By Paul Gains
In addition to the formidable cache of elite runners from around the world, the Scotiabank Toronto Waterfront Marathon, each year, attracts thousands running for charities and many more simply committed to the challenge of completing the distance faster than ever.
Then there are those hearty souls seeking a Guinness World Records title.
Michal Kapral set a world ‘joggling’ – juggling balls while running – marathon record ten years ago in Toronto when he completed the distance in 2 hours 50 minutes and 12 seconds. That was with three balls.
Owner of three Guinness World Records currently, Fastest 10km joggling with three objects (male) 36:27, Fastest half marathon joggling with three objects (male) 1:20:40, and Fastest marathon joggling with three objects (male) 2:50:12, on October 22nd, 2017 he will attempt to set the record for Fastest marathon joggling with five objects (male).
“I have upped the ante big time with this attempt to do five ball,” Kapral says laughing. “There is no current Guinness World Records title.
“As far as I know there is only one other person who has done a marathon while joggling five. That was back in 1993 a guy named Billy Dillon who was a kind of a five ball juggling pioneer He ran the New York Marathon in 7 hours 7 minutes. And he was a very fast runner. So you can see just how much harder it is to joggle with five.”
It has taken Kapral, who points to a personal best marathon of 2:30:40, almost six months to learn the pattern of juggling with five balls. He practices each lunch hour at Toronto’s Varsity Stadium, much to the amusement of the university football team, which also trains around that time. Learning how far ahead he must toss each ball to catch and transfer between hands has proven much more challenging.
“With the five balls I have discovered there is no such thing as an easy pace,” he explains. “Immediately my heart rate shoots up. It is really, really tiring. It is also addictive. It’s super fun when you have three balls in the air. It is a ton of fun but definitely this is going to be by far the hardest record I have tried.”
Kapral will be accompanied by his joggling rival Zach Warren during the Toronto race who will act as spotter so that he doesn’t interfere with other runners. As a precaution Kapral usually runs on the opposite side of the road to others. He has chosen to fundraise for Sick Kids Foundation, an official charity of the Scotiabank Charity Challenge.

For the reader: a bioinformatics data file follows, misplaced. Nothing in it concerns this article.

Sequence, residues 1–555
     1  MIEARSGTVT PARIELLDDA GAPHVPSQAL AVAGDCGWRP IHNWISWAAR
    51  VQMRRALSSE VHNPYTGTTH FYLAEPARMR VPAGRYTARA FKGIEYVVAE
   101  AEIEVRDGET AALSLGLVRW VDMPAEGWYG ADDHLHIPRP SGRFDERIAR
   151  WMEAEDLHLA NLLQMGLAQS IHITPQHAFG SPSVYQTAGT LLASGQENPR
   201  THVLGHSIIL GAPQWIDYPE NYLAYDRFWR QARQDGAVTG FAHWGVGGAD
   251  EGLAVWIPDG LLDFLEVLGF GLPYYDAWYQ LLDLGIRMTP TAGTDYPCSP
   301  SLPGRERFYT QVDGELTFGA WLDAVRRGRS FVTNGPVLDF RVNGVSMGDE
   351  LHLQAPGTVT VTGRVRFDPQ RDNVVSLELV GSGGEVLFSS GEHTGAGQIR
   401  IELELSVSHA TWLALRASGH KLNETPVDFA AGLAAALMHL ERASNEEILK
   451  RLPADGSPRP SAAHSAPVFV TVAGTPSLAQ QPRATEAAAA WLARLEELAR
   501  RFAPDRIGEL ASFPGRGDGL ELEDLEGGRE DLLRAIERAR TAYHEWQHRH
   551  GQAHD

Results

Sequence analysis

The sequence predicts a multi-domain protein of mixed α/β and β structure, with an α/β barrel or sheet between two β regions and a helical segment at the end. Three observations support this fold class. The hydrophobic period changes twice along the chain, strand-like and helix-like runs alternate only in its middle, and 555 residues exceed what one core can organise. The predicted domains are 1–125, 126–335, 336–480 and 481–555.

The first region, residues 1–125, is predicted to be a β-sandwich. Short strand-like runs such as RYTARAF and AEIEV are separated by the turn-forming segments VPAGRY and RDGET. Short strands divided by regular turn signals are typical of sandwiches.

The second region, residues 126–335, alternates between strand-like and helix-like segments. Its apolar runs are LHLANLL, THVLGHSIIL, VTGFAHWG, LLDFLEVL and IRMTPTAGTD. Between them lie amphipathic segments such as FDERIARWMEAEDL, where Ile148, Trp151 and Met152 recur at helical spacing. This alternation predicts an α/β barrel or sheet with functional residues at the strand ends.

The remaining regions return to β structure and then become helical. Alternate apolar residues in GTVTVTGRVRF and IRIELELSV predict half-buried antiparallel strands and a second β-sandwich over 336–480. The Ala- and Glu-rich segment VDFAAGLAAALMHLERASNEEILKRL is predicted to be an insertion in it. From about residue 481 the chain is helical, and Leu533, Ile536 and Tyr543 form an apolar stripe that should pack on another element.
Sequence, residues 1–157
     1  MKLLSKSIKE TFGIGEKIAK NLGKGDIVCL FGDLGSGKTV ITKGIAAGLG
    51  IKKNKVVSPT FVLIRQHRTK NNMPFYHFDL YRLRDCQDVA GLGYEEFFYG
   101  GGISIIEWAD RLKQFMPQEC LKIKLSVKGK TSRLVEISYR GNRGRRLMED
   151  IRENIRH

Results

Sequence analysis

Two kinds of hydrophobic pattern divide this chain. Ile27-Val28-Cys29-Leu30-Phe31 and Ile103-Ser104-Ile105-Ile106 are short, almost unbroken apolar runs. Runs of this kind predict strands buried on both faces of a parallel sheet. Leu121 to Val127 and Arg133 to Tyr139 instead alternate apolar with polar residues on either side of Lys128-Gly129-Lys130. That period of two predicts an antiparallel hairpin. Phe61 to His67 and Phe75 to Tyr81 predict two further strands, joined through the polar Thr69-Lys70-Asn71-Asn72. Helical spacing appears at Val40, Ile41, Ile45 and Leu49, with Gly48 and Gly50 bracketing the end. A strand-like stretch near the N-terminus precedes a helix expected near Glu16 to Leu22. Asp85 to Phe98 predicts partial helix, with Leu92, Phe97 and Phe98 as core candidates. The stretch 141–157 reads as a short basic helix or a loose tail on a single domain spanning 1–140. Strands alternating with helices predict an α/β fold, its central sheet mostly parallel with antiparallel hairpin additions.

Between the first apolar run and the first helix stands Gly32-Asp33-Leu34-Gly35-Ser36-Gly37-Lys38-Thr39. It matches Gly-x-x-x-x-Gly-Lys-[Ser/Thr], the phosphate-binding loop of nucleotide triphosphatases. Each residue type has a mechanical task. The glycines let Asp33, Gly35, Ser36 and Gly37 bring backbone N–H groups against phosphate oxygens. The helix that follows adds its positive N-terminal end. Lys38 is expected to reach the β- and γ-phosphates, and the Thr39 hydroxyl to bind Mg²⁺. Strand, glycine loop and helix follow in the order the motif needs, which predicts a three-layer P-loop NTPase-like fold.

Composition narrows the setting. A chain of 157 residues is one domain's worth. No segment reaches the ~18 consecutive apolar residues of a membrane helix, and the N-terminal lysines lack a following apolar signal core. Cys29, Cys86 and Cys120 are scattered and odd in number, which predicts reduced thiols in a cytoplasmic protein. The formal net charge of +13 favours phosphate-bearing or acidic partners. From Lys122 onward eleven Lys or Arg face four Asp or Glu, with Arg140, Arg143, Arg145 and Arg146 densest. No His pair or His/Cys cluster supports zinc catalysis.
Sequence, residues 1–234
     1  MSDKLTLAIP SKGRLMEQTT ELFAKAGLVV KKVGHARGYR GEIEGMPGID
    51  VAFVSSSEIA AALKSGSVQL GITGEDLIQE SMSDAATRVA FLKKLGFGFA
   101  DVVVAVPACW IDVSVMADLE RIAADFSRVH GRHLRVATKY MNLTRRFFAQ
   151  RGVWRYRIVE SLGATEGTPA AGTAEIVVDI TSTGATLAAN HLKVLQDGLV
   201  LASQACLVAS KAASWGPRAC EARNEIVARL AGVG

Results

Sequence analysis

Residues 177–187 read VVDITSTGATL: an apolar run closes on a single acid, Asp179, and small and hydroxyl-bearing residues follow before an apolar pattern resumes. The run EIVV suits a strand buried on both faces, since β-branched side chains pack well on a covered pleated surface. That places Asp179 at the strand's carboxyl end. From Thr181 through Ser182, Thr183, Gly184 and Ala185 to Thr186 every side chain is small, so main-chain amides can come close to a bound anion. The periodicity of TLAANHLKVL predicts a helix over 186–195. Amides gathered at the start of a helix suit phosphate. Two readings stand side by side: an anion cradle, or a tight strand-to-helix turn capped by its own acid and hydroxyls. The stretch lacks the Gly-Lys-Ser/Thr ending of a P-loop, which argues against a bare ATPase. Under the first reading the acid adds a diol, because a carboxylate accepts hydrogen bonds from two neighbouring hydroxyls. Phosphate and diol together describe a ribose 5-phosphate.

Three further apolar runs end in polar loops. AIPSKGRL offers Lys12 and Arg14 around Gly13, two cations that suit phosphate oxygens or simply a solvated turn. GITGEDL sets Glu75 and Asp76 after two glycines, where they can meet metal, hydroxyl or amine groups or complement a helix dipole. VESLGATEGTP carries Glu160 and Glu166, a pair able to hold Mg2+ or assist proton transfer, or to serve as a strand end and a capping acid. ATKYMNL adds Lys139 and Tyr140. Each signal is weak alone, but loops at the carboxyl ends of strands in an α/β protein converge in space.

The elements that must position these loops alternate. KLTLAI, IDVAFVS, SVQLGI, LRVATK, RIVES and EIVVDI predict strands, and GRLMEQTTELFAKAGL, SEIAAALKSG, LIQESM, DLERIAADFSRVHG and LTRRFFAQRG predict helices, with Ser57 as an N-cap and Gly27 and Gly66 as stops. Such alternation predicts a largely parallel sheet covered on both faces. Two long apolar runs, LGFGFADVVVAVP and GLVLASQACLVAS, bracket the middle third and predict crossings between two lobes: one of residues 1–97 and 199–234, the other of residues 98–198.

A year ago Daniel Janetos ran Toronto wearing a chef’s costume the entire distance. He recorded a time of 3:56:21 to earn the Guinness World Records title of Fastest marathon dressed as a chef. This year Janetos, who owns the annual Mac and Cheese Festival at Ontario Place, intends to chase the record for the Fastest half marathon achieved in a chef’s costume.
“It’s a little bit goofy, I get it,” he declares. “Really the number one thing is to raise money for charity. It’s the National Wildlife Rehabilitation Foundation.
“These guys have been a grassroots agency for 25 years and with my help were able to formalize into a foundation. We were able to get some funding for them. My running helps them to take care of animals.”
Janetos is aiming to run 1 hour 45 minutes for the 21km race to claim the record title. That’s a tall order when his personal best for the distance is roughly that. Add such ingredients as a 9 pound pot and chef’s clothes and it’s certainly not as easy as someone might think. He trains as part of a group called Food Runners which aims to improve the health and fitness levels of people in the food industry.
“I try to make sure I am out at least three hours a week in the early stages. Then I follow a more rigorous program that our coach puts together for us,” he explains.
“I do train with my girlfriend Kate Boyle, She usually stops running with me when I put on my chef uniform. She is a little more low key. As soon as I put the chef’s hat on she is out.”
Running in a chef’s uniform is mind boggling. How about running 42.2km wearing a lumberjack costume complete with heavy boots? That’s what Dan Grant will attempt to do. The Torontonian has applied to attempt the Guinness World Records title of Fastest marathon dressed as a lumberjack (male) and has agreed to the costume they have assigned: a plaid/flannel short sleeved shirt, suspenders, denim pants, a stocking cap or beanie, lace up outdoor boots and an inflatable axe.
“I’ve run three marathons in the past couple years,” Grant reveals, “as well as a 60k run to Hamilton last month, so the distance doesn’t scare me. I am little worried about how much it’s going to slow and weigh me down if it rains during the STWM.”
At the Toronto Waterfront 10k on June 17th Grant finished in 44:53, claiming to be below his best. He had run another 10k race thirty six hours before.
Another concern for Grant is that he is a vegan and wants to find non leather boots in which to run.
Grant is growing a beard to further ‘grow into the part.’ He reports that Great Lakes Brewery has agreed to supply his post training fueling with a generous supply of Canuck Pale Ale. A year ago the owner of the brewery shaved Grant’s head in a fundraising event for Sick Kids Foundation. He will run Toronto Waterfront Marathon to raise funds for Good Foot Delivery one of the official charities of the Scotiabank Charity Challenge.
City marathons embrace runners of all descriptions and Toronto is no different. The inclusion of this trio of record seekers certainly enhances the enjoyment of this annual IAAF Gold Label event.
Interested in attempting a Guinness World Record at this year’s race? Please contact Jenna Pettinato, Canada Running Series’ Manager of Communications at email@example.com or visit our website: http://www.torontowaterfrontmarathon.com/guinness-world-records/